‘Housing First’ program fights chronic homelessness in Utah

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There are many faces to homelessness. (Department of Workforce Services)
Many homeless persons are victims of circumstance, illness and trauma from violence or abuse. Utah leads the nation with its success in programs helping reduce the state’s homeless population. (Department of Workforce Services)

Utah has led the nation in fighting chronic homelessness thanks to “Housing First,” a government program focused on giving homeless individuals a place to live before treating their potential addictions or mental illnesses.

According to the U.S. Housing and Urban Development Department, chronic homelessness is defined as those who experience homelessness for longer than a year or have three-to-four episodes of homelessness over three years while having a disabling condition.

The idea behind Utah’s program came from a conversation between Lloyd Pendleton, director of The State of Utah’s Homeless Task Force, and Sam Tsemberis, who is considered the originator of the “Housing First” model. Utah is the only state thus far to execute this program statewide. 

At first the project seemed counterproductive, but its 10 years of success have proved otherwise.

“The traditional approach to chronic homelessness was not yielding the results that we desired, so we looked for new innovations,” said Nic Dunn, a public information officer in the Utah Department of Workforce Services. “We tried the housing first approach as a pilot with a small contingent of chronically homeless individuals to see if it could work. After that success, we expanded it and have seen the resulting benefits of the approach.”

"Housing First" has contributed to a 91 percent decline in Utah's chronic homelessness. (Department of Workforce Services)
“Housing First” has contributed to a 91 percent decline in Utah’s chronic homelessness. (Department of Workforce Services)

Utah has seen a drastic decline in people who are chronically homeless since 2005, when approximately 2,000 people were considered chronically homeless. Today, the number is less than 200 people — a 90 percent decline.

Those who are given a home through the program are required to both work and pay a monthly rent that is equal to 30 percent of their income or $50, whichever figure is higher.

As reported by Business Insider, “it requires that homeless people get a job and get sober before they are given more permanent options.”

The majority of those ushered into this program leave with permanent housing after a couple of years, and only nine percent return to homelessness, according to the comprehensive report created by the Department of Workforce Services.

There are many beneficiaries of the program. While people who are chronically homeless make up only 5 percent of the state’s homeless population, they consume nearly 50 percent of all resources provided by homeless services.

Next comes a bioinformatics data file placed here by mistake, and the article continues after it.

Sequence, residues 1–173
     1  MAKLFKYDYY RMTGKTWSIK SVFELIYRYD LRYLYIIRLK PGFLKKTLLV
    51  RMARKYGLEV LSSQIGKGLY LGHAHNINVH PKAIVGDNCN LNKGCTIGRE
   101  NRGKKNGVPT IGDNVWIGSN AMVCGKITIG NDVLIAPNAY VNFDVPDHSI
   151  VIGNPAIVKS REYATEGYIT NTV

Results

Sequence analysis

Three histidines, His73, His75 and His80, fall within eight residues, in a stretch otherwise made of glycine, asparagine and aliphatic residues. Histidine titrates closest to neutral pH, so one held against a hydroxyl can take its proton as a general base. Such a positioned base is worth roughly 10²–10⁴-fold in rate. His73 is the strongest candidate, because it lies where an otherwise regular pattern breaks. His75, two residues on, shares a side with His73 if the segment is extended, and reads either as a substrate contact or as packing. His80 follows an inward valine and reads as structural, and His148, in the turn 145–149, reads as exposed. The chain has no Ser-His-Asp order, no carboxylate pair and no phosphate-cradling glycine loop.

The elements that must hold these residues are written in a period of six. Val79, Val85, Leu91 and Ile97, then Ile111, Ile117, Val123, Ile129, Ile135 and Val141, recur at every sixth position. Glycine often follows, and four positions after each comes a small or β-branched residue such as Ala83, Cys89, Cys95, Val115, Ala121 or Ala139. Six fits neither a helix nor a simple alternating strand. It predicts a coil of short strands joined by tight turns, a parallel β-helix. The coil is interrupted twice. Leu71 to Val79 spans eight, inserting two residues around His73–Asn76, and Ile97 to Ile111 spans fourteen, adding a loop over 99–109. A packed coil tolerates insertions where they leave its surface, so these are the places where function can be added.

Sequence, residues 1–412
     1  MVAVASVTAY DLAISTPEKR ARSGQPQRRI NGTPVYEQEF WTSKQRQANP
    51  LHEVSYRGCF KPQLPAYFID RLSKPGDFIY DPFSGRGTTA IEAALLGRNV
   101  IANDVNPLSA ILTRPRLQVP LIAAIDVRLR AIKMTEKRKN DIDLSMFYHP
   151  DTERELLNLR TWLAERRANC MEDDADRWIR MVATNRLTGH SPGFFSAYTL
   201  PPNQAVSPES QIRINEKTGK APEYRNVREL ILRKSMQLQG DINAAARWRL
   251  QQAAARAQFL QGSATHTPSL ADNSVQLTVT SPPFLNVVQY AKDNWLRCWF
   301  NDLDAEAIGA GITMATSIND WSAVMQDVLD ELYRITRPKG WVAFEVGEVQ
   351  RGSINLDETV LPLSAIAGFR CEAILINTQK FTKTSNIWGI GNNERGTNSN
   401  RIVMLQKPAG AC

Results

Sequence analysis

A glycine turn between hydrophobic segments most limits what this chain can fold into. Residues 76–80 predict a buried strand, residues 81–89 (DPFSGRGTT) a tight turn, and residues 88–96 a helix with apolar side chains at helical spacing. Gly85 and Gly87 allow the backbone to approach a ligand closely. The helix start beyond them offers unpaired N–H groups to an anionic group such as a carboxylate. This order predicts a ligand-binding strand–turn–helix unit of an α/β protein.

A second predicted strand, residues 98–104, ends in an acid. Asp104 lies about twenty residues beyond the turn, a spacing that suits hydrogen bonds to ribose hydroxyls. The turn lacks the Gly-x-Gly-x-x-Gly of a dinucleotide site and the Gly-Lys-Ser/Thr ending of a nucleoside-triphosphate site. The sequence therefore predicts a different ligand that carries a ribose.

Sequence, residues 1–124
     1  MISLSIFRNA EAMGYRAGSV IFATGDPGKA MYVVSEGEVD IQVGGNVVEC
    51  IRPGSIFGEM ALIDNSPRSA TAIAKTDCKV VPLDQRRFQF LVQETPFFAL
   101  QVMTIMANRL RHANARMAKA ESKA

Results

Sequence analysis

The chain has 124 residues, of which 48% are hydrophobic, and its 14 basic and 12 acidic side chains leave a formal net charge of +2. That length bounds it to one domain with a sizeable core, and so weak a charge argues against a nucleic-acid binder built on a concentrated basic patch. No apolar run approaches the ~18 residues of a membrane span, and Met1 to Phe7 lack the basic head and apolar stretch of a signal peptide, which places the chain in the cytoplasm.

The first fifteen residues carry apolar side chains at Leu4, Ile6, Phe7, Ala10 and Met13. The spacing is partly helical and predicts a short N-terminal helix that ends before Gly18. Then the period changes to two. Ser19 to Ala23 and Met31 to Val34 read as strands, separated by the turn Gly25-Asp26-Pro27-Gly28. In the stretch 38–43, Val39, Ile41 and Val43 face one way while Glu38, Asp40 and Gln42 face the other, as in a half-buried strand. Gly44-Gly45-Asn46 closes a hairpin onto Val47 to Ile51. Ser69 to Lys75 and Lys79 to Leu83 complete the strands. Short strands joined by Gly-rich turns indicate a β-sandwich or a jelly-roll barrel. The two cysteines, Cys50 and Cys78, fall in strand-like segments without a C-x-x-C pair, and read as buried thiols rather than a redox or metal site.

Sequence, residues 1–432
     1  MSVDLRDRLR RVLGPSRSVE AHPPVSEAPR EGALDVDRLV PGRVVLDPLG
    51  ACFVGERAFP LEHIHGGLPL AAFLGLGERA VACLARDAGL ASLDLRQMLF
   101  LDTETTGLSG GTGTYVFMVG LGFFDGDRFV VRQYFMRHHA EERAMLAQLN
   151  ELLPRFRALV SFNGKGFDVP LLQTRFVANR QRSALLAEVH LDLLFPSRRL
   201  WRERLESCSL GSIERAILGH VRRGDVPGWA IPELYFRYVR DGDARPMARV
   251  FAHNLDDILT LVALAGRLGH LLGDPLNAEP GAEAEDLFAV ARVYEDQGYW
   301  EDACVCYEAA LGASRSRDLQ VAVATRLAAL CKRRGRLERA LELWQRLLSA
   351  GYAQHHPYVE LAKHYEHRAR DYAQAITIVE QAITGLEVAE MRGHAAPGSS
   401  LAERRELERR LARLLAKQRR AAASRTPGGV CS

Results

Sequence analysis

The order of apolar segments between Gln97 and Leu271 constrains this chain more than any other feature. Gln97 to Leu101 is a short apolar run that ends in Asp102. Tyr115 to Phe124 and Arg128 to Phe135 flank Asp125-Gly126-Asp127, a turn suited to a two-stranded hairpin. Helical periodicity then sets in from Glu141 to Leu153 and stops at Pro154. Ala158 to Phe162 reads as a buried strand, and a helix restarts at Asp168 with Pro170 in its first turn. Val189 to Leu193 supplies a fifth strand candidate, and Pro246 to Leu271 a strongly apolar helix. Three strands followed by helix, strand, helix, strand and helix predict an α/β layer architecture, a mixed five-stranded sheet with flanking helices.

Each time an individual who was considered chronically homeless is housed, community systems and service providers across the state save an estimated $8,000, which translates to an additional 2.4 non-chronic homeless individuals served, according to the Utah Housing and Community Development Division.

While “Housing First” offers temporal benefits, several volunteers find satisfaction in helping the community. Jena Anderson, a BYU student from Bluffdale, Utah, and a former program and executive director, encourages all students to find opportunities to serve those in need.

“It’s incredible and irreplaceable. Having the opportunity to interact with these people is a privilege,” Anderson said. “We get to be the ‘cog in the wheel’ so-to-speak; its our chance to be a part of something bigger than ourselves and watch people change their lives for the better.”

Anderson encouraged BYU students to take advantage of opportunities such as getting involved in Y-Serve and taking classes like Learning Through Service: Student Development 290, because they connect students to community projects and statewide programs similar to “Housing First.”

Dunn said the people who are being helped by the program also appreciate its structure. He spoke with Russell Flowers, a chronically homeless man who moved into supportive housing, about the fruits of service.

“Russell said that this housing resource was a hand up, not a hand out. It was moving to hear him talk about the positive impact it had on his life, and helped him move toward reconnecting with his family,” Dunn said.

By the end of this year, Utah’s homeless action plan will come to a close, and contributions from all Utahns will be encouraged to further this effort.

“Passionate Utahns can help by donating on their income tax return to the Pamela Atkinson Homeless Trust Fund, reaching out to local food pantries to donate or volunteer, or contact local elected officials’ offices in cities where homelessness is a concern,” Dunn said. “Utah is often lauded as the most charitable state in the nation, and the generosity of Utahns can continue to be a resource to help our homeless residents.”

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